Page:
Airport Business

NOV 2018

The airport professional's source for airport industry news, articles, events, and careers.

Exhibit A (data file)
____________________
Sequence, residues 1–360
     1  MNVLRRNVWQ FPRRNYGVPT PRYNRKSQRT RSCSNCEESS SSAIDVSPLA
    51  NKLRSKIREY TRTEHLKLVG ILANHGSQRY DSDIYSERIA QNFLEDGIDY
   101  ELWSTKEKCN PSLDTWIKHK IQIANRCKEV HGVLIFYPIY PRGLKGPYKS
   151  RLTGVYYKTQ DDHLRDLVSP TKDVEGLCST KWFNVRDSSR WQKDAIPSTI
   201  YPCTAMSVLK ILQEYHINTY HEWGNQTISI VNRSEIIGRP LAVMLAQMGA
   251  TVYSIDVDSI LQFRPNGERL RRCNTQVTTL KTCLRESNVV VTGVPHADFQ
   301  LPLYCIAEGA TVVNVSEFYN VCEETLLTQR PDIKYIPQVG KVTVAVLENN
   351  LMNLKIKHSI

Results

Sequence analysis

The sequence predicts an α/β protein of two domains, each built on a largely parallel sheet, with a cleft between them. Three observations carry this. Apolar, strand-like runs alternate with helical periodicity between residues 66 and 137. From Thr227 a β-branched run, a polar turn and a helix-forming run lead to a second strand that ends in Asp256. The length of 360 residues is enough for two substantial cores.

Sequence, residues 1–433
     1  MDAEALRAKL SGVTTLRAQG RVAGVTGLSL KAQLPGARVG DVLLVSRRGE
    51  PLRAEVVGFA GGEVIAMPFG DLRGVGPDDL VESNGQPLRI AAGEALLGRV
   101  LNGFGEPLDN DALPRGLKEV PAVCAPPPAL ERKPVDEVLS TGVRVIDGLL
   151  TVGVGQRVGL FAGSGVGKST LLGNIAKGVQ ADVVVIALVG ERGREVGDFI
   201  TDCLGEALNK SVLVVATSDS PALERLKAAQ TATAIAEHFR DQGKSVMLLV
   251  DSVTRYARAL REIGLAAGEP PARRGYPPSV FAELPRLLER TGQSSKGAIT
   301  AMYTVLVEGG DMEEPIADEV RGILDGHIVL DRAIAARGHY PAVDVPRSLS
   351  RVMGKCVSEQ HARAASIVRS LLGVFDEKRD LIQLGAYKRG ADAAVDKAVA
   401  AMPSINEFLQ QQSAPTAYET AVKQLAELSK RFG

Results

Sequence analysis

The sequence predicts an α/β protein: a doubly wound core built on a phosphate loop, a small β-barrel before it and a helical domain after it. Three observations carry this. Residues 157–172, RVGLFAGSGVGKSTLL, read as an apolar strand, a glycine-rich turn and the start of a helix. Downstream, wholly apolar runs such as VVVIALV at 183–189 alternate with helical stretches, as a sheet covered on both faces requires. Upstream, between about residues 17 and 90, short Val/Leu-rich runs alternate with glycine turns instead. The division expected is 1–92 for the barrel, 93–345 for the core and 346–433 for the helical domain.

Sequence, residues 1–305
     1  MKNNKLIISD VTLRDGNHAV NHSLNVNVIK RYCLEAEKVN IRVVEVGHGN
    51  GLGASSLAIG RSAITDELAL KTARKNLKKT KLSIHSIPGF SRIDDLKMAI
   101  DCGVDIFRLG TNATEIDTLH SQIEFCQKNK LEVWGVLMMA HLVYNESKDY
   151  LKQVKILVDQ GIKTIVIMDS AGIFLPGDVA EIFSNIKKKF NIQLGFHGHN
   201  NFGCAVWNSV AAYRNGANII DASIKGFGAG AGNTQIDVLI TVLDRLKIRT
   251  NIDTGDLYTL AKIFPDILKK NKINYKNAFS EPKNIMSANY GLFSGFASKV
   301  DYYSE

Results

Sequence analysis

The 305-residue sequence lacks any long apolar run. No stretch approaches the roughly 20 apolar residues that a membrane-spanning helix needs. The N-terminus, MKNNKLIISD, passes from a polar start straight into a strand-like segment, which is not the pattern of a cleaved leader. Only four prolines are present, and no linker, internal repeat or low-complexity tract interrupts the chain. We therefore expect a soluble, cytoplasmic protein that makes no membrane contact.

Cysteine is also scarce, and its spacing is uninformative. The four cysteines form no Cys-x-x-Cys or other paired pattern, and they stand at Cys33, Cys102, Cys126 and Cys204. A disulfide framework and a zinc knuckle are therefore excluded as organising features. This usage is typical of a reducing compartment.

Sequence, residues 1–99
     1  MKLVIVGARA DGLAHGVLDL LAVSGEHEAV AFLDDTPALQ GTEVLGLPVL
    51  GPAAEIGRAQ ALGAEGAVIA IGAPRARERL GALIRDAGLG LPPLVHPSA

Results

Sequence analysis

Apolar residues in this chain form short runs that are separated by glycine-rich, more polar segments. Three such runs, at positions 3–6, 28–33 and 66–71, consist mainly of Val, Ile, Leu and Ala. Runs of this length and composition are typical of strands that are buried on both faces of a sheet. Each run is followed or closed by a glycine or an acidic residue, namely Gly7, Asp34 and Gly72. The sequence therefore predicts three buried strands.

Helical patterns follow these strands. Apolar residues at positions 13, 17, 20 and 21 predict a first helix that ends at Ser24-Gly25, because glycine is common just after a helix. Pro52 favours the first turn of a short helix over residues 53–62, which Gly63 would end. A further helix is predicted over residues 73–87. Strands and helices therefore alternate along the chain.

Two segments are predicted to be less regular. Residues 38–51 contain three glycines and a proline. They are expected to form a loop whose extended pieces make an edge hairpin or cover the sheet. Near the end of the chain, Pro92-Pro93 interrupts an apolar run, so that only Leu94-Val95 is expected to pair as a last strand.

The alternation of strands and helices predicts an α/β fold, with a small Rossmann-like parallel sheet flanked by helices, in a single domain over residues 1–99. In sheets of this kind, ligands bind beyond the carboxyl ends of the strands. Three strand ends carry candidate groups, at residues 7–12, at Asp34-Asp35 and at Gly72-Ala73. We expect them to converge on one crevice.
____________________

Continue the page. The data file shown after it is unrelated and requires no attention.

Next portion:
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November 2018 airportbusiness 29 PRODUCT DELIVERY opened new terminals in which they have used their own staff to conduct the operational readiness activities and have been successful in preparing staff, facilities and all the associated processes, whereas others have not. Some airports have been fortunate to have the resources to commit staff full-time to operational readiness activities for current and future development projects and benefit from lessons learned from the previous projects. Another approach that airports/airlines have taken is hiring consulting firms to provide an ORAT end-to-end program. Such a program still requires an investment of staff to provide subject matter expertise of their operation. This approach typically takes a hybrid form where the airport/airline has subject matter experts who know how the operation works and will regularly engage with the ORAT advisors to define the operational concepts for carry over into the design of a new facility and participate in the procedural development and trials. A hybrid approach is where airports/airlines engage in a pseudo in-house/approach to ORAT by employing their staff. In certain situations, this works (considering a learning curve), but only if the staff are 100 percent dedicated to the process and willing to roll up their sleeves and actively participate. Often times, the staff do not have the time nor the interest, particularly when the project schedule does not call for opening until three to four years later. If an airport/airline has a capital development program that includes a number of major projects coinciding with each other, there is benefit to assigning staff full-time to ORAT. They are the subject matter experts who know the operation best and who will gain lessons learned from each project, carrying them through to a subsequent project. A consulting firm with experienced experts to support the ORAT program and assist in developing the staff to carry out the efforts can be beneficial; otherwise, airports/airlines may be “shooting in the dark” and “missing the target” due to not having an operational readiness knowledge base or “lessons learned.” As airports and airlines consider their capital development programs that include facility redevelopment or new facilities, they should be investing in an assurance program that their facilities (and staff) will not only be operationally ready at the time of opening but also as important, be fit for the purpose. By moving beyond basic “Activation” and including ORAT as an end-to-end service, history has proven that the benefits for doing so far outweigh the potential consequences of not. ABOUTTHEAUTHOR Michael McElvaney Michael McElvaney has over 35 years’ experience in executive management positions in the operation of airports and the operational readiness of new airport facilities. Michael is a Director at LeighFisher where he leads the firm’s ORAT practice. He is currently providing executive level advisory support to Los Angeles World Airports (LAWA) in the establishment of Airport Operational Readiness (AOR) for the LAX multi- billion-dollar capital development program. Dedicated to Helping Business Achieve its Highest Goals DATES JAN 29 2019 - FEB 01 2019 DESTINATION SAN ANTONIO, TX 29°25'20.7"N 98°29'09.6"W SCHEDULERS & DISPATCHERS CONFERENCE This is the premier business aviation conference for schedulers and dispatchers with over 2,900 attendees and over 460 exhibiting companies. REGISTER TODAY www.nbaa.org/sdc/2019

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